If benzoyl peroxide or retinoid cream has proven unsuccessful, azelaic acid is frequently used as an alternate therapy. It works similarly to benzoyl peroxide in that it kills germs while also removing dead skin cells that might clog hair follicles. Skinoren 20 percent cream is an example of an azelaic acid preparation.

To properly treat acne, all acne remedies must be used regularly for several months.

Can I prevent acne?

Breakouts of acne can take weeks to heal, and run the risk of permanent scarring. Even if you’ve discovered a good acne treatment, it’s still necessary to take care to avoid recurrence – with a few basic precautions, you may be able to avoid outbreaks:

  • Use a gentle soap or cleanser to clean your face. Using hot or extremely cold water might aggravate acne, so keep the water lukewarm. Scrubbing too hard or using abrasive washcloths might irritate the skin. Using a soft cloth, rinse well with and wipe dry with a clean towel.
  • Wash the afflicted region no more than twice each day. Washing too frequently might irritate the skin and aggravate acne.
  • Try not to touch your face. Bacteria can easily spread from the hands to the face
  • Avoid picking or squeezing your spots as this might result in permanent scars.
  • Ensure hair is regularly washed and try not to let it fall across the face.
  • Avoid using oils, fragrances, gels or pomades on your hair. If any of these products get onto your face they can block pores and cause acne.
  • Avoid using excessive amounts of cosmetics and makeup. Try to only use products labelled as ‘non-comedogenic’. Non-comedogenic products are water-based and are less likely to clog up the pores on your skin.
  • Always remove makeup before going to bed.
  • If your skin is dry and flaky, try using a fragrance-free water-based emollient.
  • Avoid applying oils, perfumes, gels, or pomades to your hair. If any of these things come into contact with your face, they might clog pores and cause acne.
  • Avoid excessive use of cosmetics and makeup. Try to only use ones that are labelled ‘non-comedogenic.’ Non-comedogenic products are water-based and are less prone to clog your skin’s pores

See below for further information on how to prevent acne:

Keep your hands off your face

Our hands may look clean, but they’re home to millions of microorganisms. Our hands are constantly picking up dust, dirt and grime as they come into contact with all sorts of surfaces.

Touching or scratching the skin can cause abrasions or even burst a zit, sparking a chain reaction that can lead to a full-blown outbreak. Avoid touching your face except to thoroughly wash it now and then.

Wash your face frequently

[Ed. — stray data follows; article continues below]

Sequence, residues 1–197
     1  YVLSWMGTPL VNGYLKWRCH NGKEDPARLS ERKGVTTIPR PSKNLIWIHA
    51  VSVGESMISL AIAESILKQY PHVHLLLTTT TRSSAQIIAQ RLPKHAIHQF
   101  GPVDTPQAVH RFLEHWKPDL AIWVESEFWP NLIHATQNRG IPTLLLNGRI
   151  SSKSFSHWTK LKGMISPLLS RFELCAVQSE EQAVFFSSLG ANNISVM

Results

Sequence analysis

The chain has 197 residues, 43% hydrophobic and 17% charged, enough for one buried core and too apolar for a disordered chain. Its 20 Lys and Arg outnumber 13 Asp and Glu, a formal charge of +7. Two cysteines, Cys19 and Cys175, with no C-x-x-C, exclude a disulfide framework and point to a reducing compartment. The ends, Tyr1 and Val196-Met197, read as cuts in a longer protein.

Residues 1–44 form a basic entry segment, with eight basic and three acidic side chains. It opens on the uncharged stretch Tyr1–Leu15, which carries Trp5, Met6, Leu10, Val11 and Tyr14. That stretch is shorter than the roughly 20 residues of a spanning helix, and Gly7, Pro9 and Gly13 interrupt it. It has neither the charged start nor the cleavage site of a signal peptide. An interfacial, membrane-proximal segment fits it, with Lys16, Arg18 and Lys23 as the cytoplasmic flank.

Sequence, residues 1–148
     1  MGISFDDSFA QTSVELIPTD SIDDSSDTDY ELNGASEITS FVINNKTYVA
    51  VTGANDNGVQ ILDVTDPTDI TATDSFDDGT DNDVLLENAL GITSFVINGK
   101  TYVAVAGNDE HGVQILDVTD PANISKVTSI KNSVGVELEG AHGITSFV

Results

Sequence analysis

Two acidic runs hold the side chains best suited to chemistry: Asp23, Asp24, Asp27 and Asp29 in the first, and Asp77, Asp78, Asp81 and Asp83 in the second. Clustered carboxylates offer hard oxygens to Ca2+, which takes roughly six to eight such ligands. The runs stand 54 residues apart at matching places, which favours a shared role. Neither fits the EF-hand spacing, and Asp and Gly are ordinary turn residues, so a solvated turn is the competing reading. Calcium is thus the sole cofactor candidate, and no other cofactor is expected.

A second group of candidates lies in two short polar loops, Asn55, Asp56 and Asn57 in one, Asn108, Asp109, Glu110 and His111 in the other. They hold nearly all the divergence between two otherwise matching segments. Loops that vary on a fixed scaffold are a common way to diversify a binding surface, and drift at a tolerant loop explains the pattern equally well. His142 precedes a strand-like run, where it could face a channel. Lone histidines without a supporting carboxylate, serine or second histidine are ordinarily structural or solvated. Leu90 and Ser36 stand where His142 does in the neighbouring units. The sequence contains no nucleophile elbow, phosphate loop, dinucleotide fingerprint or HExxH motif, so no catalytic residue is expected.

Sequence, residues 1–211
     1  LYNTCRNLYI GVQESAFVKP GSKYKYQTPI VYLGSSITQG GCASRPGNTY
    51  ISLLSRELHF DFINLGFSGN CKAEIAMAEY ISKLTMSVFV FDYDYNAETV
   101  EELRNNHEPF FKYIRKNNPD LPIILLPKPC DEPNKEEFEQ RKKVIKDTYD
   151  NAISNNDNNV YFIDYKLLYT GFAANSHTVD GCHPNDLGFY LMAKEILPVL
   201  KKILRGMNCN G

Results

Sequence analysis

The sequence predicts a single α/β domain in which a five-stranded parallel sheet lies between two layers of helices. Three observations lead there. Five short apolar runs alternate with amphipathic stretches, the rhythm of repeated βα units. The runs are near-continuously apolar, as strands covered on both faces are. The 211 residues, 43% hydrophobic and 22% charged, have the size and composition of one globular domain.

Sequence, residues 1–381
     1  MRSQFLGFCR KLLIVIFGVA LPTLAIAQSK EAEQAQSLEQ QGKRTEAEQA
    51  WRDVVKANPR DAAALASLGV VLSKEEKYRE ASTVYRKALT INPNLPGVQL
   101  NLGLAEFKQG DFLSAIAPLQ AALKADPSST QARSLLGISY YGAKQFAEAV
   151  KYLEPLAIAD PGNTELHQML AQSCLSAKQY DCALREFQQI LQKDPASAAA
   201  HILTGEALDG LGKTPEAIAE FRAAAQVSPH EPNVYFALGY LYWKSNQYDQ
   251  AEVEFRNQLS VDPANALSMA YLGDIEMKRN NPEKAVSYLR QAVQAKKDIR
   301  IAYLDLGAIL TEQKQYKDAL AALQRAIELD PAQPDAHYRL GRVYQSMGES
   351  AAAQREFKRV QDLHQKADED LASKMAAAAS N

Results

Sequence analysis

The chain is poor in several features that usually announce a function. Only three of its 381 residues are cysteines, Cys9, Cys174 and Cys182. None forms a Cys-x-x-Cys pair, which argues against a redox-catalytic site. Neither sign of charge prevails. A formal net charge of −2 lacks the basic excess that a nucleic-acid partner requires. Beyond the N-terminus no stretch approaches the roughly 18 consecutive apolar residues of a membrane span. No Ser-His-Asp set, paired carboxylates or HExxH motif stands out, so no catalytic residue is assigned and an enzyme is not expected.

Acne outbreaks can be reduced by keeping the skin free of bacteria and debris. Deep cleansing once a day is recommended, but always follow up with a neutral moisturiser, since dry skin causes excessive oil production.

Follow a healthy diet

It’s true — we are what we eat! Breakouts are known to be exacerbated by greasy and spicy foods. Food allergies, no matter how mild, are also possible causes. Some of the most common ‘problem foods’ are dairy products, almonds, chocolate, and soda. Alcohol and some fast food ingredients are also harmful. Remember to eat plenty of fruit and veg, as this should keep your skin looking healthy and acne-free.

Stay hydrated

Staying hydrated is known to significantly reduce the risk of developing acne. Water, in addition to removing toxins from the body, helps to keep your skin moisturised from within.

Cut down cosmetics use

Cosmetics can block the pores of the skin and essentially suffocate it, producing an excellent setting for bacterial development. Cosmetics commonly include a variety of ingredients, any of which might induce an allergic response. Even the process of applying the make-up itself may serve to irritate your skin.

If you find it difficult to avoid cosmetics, stick to products that don’t tend to cause a reaction on your skin. Leave your make-up on for as little time as possible and never wear it to bed. When applying and removing makeup, avoid forceful rubbing.

Avoid stress

Most people have breakouts when they are stressed, as this can cause hormonal shifts. Stress is unavoidable in life, but if you’re keen to avoid acne, we’d recommend looking after your mental health. 

Sleep in clean beds

Sweat, dead skin cells, and dandruff collect in our bedding. Not surprising, when you consider that we spend one-third of our day in bed. The dirt and debris in our beds has the potential to irritate the skin and produce acne. To prevent this, wash your pillowcases and bed clothes once every week.